The shops of various kinds are very elegant, especially drapers' and haberdashers', some of them being on a scale equal to many in the Metropolis.
These give evidence, not only of the wealth and luxury of the occupiers, but of the consumers residing in the town, the suburbs, and surrounding district.
The townhouse and jail is situated in the main street, and is a handsome building in the Norman style, having the town house and offices in front, and the jail behind.
The jail was once looked on as unquestionably the best in the County, while few could be compared with it elsewhere, according to its extent.
It is merely used now, as a police office or lock up.
Although the main street of Kirkcaldy proper is only one mile in length, yet, when it is remembered that it forms part of the street stretching from the western extremity of the Linktown of Abbotshall (as the western suburb is called,) to the eastern extremity of Pathhead, including St Clairtown and Gallowtown, a distance of fully four miles, the appellation of the " Langtoon,' is seen to be well merited : and we are sure no traveller who has passed through it, but is both astonished at, and wearied by, its great length ; and without hesitation would endorse the description given of it by Andrew Fairservice.
The harbour is situated near the east end of the burgh; it is large, has goodstone piers, but has the disadvantage of being dry at low water.
Of late a great improvement has been made in the shape of a wet dock, which allows ships of very heavy burden to come in, and lie close by the main street.
Kirkcaldy is the seat of a custom house, the jurisdiction of which extends from St Andrews on the east to Aberdour on the west.
It has been long famed for its manufacture of linen cloth, but in 1773 this branch of business almost fell into decay.
Mr James Fergus, however, an enterprising manufacturer of the period, succeeded in opening up new channels for disposing of the manufactures of Kirkcaldy, since which time they have gone on rapidly increasing.
The manufactures of the town and district consist chiefly of ticks, dowlas, checks, and sail cloth, of all which there is a considerable number of manufacturers.
There are, also, some steam factories, one net factory, and about a dozen spinning mills.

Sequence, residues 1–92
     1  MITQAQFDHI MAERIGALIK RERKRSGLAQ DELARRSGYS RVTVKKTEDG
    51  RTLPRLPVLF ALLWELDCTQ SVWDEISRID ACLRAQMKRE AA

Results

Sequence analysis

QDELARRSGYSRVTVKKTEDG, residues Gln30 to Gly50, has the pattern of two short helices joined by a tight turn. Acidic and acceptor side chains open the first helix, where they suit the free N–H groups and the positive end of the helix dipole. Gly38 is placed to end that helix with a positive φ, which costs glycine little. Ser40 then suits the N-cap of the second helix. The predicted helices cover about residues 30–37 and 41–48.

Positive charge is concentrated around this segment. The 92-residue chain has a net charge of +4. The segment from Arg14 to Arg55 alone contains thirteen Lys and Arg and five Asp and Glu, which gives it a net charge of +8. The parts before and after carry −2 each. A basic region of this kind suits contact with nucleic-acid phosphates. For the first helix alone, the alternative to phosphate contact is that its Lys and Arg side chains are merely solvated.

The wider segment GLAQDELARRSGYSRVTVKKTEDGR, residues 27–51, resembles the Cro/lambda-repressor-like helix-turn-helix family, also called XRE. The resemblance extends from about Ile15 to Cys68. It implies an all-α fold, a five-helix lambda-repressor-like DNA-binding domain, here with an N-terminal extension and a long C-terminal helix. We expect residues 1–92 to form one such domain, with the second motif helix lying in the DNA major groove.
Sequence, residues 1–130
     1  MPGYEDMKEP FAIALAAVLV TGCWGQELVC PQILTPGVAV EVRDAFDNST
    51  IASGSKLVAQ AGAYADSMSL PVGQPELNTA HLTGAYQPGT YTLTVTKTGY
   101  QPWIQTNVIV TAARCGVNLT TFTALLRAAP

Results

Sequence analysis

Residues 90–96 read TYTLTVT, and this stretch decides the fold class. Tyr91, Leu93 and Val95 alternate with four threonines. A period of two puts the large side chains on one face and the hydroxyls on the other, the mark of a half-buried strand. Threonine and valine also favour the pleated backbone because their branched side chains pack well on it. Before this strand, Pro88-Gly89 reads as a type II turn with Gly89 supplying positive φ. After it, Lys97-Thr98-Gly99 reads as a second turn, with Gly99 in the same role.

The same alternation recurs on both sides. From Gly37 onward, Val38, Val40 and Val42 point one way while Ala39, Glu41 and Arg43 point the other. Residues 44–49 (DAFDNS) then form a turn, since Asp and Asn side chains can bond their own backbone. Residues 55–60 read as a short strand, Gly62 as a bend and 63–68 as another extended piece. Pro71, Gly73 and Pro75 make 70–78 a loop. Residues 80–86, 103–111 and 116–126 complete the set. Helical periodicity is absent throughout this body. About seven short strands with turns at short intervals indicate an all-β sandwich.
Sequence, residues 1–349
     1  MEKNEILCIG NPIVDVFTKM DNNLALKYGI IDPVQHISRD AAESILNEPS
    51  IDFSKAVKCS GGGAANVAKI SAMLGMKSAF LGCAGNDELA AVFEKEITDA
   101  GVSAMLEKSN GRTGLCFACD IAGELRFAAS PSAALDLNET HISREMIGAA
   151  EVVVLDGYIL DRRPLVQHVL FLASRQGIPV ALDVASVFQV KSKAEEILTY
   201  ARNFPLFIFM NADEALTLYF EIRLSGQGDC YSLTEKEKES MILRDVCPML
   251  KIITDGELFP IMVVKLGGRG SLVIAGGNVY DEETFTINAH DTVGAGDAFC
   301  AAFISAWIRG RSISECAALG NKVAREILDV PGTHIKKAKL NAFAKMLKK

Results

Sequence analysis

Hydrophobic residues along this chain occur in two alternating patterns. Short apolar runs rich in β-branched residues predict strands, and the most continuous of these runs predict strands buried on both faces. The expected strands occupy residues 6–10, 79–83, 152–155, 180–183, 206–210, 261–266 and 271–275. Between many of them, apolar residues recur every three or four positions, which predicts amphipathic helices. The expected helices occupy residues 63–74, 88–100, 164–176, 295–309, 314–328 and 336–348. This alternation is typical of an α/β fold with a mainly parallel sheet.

There are three extensive foundries and machine works, one of them the Messrs Brown's greatly famed for making Printing machinery, all in the town.
Bleachfields, rope walks, and other public works, are also in the neighbourhood, chiefly belonging to capitalists and merchants in that thriving burgh.
In 1825 a chamber of commerce was established in the burgh, the principal members being the merchants and manufacturers of the district; and, as elsewhere, its object is to attend to the varied interests of the mercantile and manufacturing community.
A weekly stock market, for the sale of grain, is held every Saturday, at which farmers, corn factors, and others, attend.
There are a number of banks, a public reading room, a subscription library, and mechanics' library, all in the burgh.
The burgh is governed by a provost, two bailies, a dean of guild, a treasurer, sixteen councillors, and a town clerk.
The magistrates have all the powers possessed by magistrates of Royal Burghs, and hold regular courts for the disposal both of civil and criminal cases.
The town clerk acts as assessor.
Sheriff courts are also held six times a year, for the recovery of small debts.
Previous to the Union, Kirkcaldy sent a member to the Scottish Parliament ; but, after that event, it was conjoined with the neighbouring burghs of Dysart, Kinghorn, and Burntisland, in returning a Member to the British Parliament.
On the high ground, to the north of the town, is a number of elegant villas, which, with the finely wooded grounds of Dunnikier, and the still more magnificently wooded grounds of Raith, in the neighbouring parish of Abbotshall, add much to the appearance of the town when seen at a distance, particularly from the bay, where, from the south west or south east the decidedly best view is to be obtained.
In the north part of the Parish is Dunnikier House, the residence of Captain Oswald.
This house is not built on the lands of Dunnikier, which are in the parish of Dysart, but was erected in this Parish by the late Mr Oswald, of Dunnikier, on the lands which formerly were part of the burgh muir of Kirkcaldy.
Henry Balnaves, of Halhill, who figured in the latter part of the reign of James V, and during that of his daughter Mary, and the regency of her brother Murray, was a native of Kirkcaldy.
Kirkcaldy gave birth to the celebrated Adam Smith, author of the "Wealth of Nations," and the " Theory of Moral Sentiments," Hume the historian, was the intimate friend of this celebrated man, and was often a guest at his house in Kirkcaldy.
The Hon. Mr Oswald, of Dunnikier, an eminent statesman and patriot, and who long represented the burgh in Parliament, was also a native of this town.
Sir John Oswald, too, deserves notice, who, entering at an early age into the army, bore an eminent part in many valiant achievements.
The Parish Church stands on the rising ground north of the main street, and is a handsome structure in the Gothic style.
It is capable of containing 1800 persons.
The present incumbent is the Rev. Mark Bryden.
There are also a Quoad Sacra Church, two U.P. Churches, a Free Church, two Baptist Churches of a most respectable order, and an Independent Chapel, all in the town.
At the back of the burgh is the Episcopal Chapel, a most beautiful edifice, of which the Rev. Norman Johnstone is pastor.
Education is exceedingly well provided for in the town.
In the Burgh School, of which Mr Lockhart is Rector, Greek, Latin, English, Mathematics, Arithmetic, Writing, and Drawing, are taught; Mr Lockhart has several assistants.
One of the Schools founded by the late Mr Philp, of Edenshead, is also erected in the burgh, and is an elegant structure.
A hundred or more children arc educated gratis, and receive their clothing.
There are a number of Private Schools in the burgh, besides Boarding Schools, at which young ladies receive instruction in music and other polite accomplishments.